The German Classics of the Nineteenth and Twentieth Centuries, Volume 05 eBook

This eBook from the Gutenberg Project consists of approximately 489 pages of information about The German Classics of the Nineteenth and Twentieth Centuries, Volume 05.
equality, internal peace, external national fame, and, when their demands reached the extreme limit, domestic happiness?  If this is their highest conception, as must be deduced from all that has been said, they can attribute to us likewise no higher needs and no higher demands upon life, and—­always presupposing those beneficent sentiments toward us and an absence of all selfishness and of all desire to be more than we—­they believe that they have made admirable provision for us when they give us all that they alone recognize as desirable.  On the other hand, that for which alone the nobler soul among us can live is then eradicated from public life, and the people, who have always shown themselves receptive toward the impulses of higher things, and the majority of whom, it might be hoped, could even be raised to that nobility, are—­in so far as it is treated as they wish it to be treated—­abased beneath its rank, dishonored, and blotted out, since it coalesces with the populace of the baser sort.

If, now, those higher claims upon life, together with the sense of their divine right, still remain living and potent in any one, he, with deep indignation, feels himself crushed back into those first ages of Christianity in which it was said:  “Resist not evil:  but whosoever shall smite thee on thy right cheek, turn to him the other also.  And if any man will take away thy coat, let him have thy cloak also.”  And rightly so, for as long as he still sees a cloak upon thee, he seeks an opportunity to quarrel with thee in order to take this also from thee; not until thou art utterly naked dost thou escape his attention and art unmolested by him.  Even his higher feelings, which do him honor, make earth a hell and an abomination to him; he wishes that he had not been born; he wishes that his eyes may close to the light of day, the sooner the better; unceasing sorrow lays hold upon his days until the grave claims him; he can wish for those dear to him no better gift than a quiet and contented spirit, that with less pain they may live on in expectation of an eternal life beyond the grave.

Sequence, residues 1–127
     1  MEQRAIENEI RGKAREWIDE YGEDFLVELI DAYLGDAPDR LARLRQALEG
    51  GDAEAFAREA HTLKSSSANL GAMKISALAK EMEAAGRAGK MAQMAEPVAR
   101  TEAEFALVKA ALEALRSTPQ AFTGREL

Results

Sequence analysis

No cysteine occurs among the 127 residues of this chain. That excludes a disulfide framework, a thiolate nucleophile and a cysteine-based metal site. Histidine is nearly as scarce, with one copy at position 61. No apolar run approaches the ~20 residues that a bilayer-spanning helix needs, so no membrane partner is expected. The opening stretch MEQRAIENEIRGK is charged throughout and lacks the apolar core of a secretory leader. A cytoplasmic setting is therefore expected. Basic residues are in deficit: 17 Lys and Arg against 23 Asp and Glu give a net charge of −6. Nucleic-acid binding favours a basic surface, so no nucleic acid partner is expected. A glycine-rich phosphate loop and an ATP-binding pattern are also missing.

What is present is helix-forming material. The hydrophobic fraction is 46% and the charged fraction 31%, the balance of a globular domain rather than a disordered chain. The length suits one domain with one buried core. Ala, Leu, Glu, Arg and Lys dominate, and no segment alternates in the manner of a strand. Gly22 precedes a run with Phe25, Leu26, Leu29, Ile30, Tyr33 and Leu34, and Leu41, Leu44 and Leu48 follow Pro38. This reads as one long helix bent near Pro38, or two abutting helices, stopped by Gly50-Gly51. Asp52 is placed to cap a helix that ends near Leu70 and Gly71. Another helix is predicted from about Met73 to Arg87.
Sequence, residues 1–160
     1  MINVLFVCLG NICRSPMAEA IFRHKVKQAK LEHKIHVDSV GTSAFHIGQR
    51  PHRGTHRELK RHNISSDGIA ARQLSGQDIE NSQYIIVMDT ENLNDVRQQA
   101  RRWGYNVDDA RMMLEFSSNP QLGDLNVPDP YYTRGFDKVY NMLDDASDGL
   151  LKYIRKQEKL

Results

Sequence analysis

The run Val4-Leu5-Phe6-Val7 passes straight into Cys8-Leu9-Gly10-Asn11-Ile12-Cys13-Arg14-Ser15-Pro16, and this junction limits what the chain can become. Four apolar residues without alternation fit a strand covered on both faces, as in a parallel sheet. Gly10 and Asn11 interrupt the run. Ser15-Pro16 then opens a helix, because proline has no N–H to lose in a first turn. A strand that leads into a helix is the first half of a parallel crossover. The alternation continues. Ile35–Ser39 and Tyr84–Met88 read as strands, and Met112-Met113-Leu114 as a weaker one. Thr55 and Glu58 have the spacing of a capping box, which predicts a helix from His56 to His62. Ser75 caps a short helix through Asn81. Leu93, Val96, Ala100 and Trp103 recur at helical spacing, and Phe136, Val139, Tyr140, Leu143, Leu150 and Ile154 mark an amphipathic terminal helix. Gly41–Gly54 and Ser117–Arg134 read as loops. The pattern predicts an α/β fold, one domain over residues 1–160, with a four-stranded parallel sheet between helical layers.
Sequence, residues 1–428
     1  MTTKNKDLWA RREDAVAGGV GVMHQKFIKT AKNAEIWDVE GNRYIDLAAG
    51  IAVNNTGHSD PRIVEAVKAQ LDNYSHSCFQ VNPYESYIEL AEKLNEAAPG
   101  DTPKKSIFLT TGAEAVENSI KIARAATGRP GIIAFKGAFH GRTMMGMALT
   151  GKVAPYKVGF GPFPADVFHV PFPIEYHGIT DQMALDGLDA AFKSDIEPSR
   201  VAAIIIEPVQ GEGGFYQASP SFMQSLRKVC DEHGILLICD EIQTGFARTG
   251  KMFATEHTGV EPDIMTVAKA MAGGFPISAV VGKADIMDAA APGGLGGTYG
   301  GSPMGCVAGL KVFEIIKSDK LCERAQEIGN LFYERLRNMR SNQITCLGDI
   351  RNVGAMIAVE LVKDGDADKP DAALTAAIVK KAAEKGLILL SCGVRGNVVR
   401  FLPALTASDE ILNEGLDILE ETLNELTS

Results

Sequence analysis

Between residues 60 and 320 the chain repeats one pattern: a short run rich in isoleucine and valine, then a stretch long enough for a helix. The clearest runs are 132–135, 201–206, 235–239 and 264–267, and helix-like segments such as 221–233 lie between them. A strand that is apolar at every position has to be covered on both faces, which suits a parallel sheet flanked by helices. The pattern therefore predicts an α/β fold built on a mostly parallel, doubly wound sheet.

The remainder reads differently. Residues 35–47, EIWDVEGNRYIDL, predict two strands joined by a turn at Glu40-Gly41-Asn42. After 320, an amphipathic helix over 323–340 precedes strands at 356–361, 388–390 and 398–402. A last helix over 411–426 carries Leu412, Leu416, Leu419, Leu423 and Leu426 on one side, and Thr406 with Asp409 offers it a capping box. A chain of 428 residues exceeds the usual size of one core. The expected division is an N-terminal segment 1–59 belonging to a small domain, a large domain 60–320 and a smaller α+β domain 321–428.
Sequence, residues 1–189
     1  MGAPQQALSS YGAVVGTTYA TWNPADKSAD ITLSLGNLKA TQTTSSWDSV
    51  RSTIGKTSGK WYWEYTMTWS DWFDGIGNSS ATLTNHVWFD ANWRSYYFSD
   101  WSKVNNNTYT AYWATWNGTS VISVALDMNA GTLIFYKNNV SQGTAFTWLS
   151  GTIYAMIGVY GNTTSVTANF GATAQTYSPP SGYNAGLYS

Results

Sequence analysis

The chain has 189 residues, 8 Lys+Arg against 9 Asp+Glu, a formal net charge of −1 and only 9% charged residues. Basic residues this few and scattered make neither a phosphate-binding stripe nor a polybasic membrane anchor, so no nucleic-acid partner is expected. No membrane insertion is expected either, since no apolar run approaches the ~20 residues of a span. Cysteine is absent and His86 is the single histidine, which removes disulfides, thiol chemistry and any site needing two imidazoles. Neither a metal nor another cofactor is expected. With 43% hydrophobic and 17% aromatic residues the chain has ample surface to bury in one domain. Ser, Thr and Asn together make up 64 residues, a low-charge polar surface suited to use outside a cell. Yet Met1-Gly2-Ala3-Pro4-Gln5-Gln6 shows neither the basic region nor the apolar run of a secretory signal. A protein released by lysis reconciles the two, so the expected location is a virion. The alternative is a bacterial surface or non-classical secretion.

These addresses lay upon you the task of preventing, by the sole means which still remains after the others have been tried in vain, the destruction of every nobler impulse that may in the future possibly arise among us and this debasement of our entire nation.  They present to you a true and omnipotent patriotism, which, in the conception of our nation as of one that is eternal, and as citizens of our own eternity, is to be deeply and ineradicably founded in the minds of all, by means of education.  What this education may be, and in what way it may be achieved, we shall see in the following addresses.

[Illustration:  VOLUNTEERS OF 1813 BEFORE KING FRIEDRICH WILHELM III IN BRESLAU From the Painting by F.W.  Scholtz]

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The German Classics of the Nineteenth and Twentieth Centuries, Volume 05 from Project Gutenberg. Public domain.
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